Notwithstanding all of the above, the level of theoretical discussions in most of today’s scientific papers is way above my head

Is there a date, before which you found the typical high energy theory paper comprehensible?

I ask, because I expect to find the average condensed matter theory paper, or the average paper on astro-ph or on the math arXivs to be a very tough slog. Certainly, the further one is out of graduate school, the less likely it is that the stuff one learned in grad school will suffice to be able to follow a paper in field X.

In one’s particular subfield, one is continuously in a position of learning new stuff. But in some other subfield? Not unless one makes an ongoing effort to keep up.

5. dorigo - December 4, 2006

Well Jacques, I think you are right – in a way, the forefront of theoretical physics has always been tough. But the amount of specialization one needs these days to grasp even a small part of the typical paper – the abstract and its implications, say – has, I think, grown considerably with respect to the past.

You are also right on the need for a continuing effort if one wants to be able to touch the ball in today’s game. And I am an old dog who fails to learn new tricks…


PS how are my 750$ doing ? 😉

6. dorigo - December 4, 2006

Lol Alejandro, I hope _your_ seminars get a better audience 🙂


7. Thomas Larsson - December 5, 2006

Maybe it should be dubbed “MM-theory”.

From the introduction of hep-th/0102159:
“modified (or massive) M-theory which we call MM-theory.”

8. Alejandro Rivero - December 5, 2006

I have given two or three seminars in ten years. The first one in Marseilles in 1995 was actually about some topic in my thesis work, the audience being 5 persons, down to two at the end. So I guessed I was not a bussiness I was good at. I gave another last year, by request, on Koide’s formula, and it seems I got it to be funny enough. But most of the seminars I attend have an ending similar to the one above in comment #3 😦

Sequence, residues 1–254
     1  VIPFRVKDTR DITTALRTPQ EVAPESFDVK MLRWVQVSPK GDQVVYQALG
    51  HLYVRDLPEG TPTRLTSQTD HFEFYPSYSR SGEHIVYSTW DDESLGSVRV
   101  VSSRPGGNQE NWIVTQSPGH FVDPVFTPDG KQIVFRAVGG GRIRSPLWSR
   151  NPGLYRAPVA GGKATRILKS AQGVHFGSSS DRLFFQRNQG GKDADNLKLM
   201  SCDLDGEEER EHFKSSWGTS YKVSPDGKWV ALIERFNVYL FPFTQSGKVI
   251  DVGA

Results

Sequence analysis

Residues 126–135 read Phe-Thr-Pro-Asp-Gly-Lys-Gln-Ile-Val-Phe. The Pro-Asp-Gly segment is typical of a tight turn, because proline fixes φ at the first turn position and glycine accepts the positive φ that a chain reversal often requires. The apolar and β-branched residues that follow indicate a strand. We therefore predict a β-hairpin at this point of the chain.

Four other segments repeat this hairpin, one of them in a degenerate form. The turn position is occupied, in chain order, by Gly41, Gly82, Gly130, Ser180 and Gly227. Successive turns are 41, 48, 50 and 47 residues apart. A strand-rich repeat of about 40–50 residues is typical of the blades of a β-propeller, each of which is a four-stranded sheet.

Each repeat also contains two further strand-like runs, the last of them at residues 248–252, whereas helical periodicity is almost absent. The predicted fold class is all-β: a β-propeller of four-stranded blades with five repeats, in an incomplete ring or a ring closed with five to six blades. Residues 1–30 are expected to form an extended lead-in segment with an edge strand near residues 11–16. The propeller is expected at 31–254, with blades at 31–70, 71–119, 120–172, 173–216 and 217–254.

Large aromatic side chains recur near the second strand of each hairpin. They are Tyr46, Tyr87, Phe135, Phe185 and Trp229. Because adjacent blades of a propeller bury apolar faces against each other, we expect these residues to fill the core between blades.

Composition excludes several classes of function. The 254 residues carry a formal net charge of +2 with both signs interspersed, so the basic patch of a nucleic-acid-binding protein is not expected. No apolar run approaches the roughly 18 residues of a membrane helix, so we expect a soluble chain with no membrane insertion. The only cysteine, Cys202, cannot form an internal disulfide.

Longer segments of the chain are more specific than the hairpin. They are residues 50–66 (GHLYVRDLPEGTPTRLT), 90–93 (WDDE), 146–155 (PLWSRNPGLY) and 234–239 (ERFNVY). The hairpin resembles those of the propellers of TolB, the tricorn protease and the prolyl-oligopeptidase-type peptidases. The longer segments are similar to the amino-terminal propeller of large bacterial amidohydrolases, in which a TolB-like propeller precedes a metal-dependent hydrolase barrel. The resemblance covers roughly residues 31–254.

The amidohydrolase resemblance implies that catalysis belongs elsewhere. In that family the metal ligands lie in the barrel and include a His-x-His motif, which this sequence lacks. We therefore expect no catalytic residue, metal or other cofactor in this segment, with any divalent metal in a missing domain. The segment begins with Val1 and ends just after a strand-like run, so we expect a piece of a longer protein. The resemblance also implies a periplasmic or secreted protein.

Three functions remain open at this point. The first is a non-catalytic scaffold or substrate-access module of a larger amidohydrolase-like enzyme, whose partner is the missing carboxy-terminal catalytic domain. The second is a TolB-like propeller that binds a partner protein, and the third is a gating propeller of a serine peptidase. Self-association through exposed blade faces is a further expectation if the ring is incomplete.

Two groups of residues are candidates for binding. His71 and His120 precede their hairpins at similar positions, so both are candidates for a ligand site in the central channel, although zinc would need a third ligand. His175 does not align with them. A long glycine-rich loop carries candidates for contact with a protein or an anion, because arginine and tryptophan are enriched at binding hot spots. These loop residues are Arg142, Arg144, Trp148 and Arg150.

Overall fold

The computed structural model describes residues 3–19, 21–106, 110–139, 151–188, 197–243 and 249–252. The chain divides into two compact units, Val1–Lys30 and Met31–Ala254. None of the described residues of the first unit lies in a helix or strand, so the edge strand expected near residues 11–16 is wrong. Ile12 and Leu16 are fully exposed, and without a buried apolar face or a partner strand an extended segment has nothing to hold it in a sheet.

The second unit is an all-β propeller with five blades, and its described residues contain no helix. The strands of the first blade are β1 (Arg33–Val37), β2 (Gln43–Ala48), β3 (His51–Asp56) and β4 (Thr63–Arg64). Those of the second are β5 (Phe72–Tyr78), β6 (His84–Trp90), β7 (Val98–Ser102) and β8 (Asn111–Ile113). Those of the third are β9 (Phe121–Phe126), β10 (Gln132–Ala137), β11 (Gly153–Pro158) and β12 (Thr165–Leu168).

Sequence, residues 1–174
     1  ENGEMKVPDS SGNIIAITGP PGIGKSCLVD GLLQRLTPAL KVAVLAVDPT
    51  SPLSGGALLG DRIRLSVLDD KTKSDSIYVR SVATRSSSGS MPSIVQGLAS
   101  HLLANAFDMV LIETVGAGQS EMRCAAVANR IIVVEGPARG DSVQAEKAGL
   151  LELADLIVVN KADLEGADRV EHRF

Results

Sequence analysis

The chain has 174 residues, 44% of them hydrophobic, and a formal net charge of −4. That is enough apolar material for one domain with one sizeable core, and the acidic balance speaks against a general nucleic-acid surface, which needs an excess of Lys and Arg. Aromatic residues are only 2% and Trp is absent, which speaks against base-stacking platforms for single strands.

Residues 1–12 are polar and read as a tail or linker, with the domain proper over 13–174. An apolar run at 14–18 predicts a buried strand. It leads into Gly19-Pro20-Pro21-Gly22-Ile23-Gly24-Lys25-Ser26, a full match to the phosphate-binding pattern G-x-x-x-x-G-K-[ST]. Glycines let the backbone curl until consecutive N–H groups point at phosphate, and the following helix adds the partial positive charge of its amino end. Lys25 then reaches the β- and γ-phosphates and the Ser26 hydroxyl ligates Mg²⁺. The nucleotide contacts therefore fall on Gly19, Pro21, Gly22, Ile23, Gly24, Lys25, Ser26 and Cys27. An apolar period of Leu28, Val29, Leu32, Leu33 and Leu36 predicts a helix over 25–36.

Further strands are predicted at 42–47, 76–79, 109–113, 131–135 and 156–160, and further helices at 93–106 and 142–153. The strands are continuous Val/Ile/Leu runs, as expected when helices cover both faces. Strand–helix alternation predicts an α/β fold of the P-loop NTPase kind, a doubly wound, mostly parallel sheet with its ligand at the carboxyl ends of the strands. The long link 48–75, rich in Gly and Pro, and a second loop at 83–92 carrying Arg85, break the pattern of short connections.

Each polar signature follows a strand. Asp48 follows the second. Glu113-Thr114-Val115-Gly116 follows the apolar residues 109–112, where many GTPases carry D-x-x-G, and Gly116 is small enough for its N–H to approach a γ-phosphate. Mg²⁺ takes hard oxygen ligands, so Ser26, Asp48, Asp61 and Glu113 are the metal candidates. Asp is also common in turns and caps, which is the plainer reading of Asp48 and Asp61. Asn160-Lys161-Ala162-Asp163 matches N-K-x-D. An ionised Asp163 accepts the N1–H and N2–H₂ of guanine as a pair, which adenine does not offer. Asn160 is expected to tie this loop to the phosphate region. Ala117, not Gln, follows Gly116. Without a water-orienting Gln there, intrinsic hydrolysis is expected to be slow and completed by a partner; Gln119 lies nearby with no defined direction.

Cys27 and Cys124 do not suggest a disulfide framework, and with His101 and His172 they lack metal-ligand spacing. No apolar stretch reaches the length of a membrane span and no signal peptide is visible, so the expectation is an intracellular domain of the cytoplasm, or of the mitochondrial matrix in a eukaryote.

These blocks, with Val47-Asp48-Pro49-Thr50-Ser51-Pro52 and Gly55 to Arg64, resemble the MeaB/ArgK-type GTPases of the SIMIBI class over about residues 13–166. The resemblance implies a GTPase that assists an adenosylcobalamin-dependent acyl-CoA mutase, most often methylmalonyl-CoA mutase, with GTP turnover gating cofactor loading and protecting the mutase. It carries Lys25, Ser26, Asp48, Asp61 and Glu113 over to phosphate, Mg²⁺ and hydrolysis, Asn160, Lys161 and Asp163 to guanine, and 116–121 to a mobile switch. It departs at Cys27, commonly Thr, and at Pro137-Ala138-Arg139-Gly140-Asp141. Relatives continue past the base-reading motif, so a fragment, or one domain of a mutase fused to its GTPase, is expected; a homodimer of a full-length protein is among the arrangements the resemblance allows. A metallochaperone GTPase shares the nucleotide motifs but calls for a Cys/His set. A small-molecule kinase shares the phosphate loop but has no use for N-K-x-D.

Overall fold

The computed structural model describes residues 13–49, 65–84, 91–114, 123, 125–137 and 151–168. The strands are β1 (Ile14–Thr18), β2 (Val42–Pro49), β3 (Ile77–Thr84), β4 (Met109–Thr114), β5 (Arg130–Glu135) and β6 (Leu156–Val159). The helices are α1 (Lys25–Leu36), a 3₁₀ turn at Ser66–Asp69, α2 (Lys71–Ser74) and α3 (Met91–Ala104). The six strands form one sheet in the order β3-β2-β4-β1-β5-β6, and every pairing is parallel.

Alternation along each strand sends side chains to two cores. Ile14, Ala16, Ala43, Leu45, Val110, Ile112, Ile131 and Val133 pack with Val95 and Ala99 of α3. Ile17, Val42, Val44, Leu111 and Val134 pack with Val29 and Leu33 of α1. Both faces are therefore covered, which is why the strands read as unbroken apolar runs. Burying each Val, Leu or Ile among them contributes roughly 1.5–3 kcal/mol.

9. dorigo - December 6, 2006

There you go, Thomas!

Alejandro, I am a bit more surprised of your lack of activity as a speaker in university seminars, than on the lack of questions 😉

I know, it is kind of frustrating to spend time to prepare a nice seminar and get little attendence. Pretty much like writing good stuff in a blog and counting hits with one’s fingers…. I guess these are the rules of the game: theoretical physics does not attracts big crowds. It is not for crowds in extasy that you chose to be a theoretical physicist, however, right ?… Right ??? 🙂


10. Davide Vadacchino - March 1, 2007

I am an italian theoretical physicist wannabe ( maybe graduating in july ) and i’m being scared by what you are saying here 🙂

I understand that a very specific paper might be hard to read by someone who’s not “in the field” but i always guessed that theoretical papers should be written to be readable by experimentalists because no one but the experimentalists are going to prove a theory right or wrong.

If my guess is right, then i think there is a problem 🙂

Is that thought a sign of my twisted mind?


11. dorigo - March 1, 2007

Hi Davide, welcome here and best wishes for your graduation!

I think your reasoning is correct – although theory has its own means to get in the experimentalists’ way even if they do not read the theory papers 😉

So your mind might still be twisted, but it does not show up particularly because of the above comment 🙂


12. dianesummers - July 31, 2008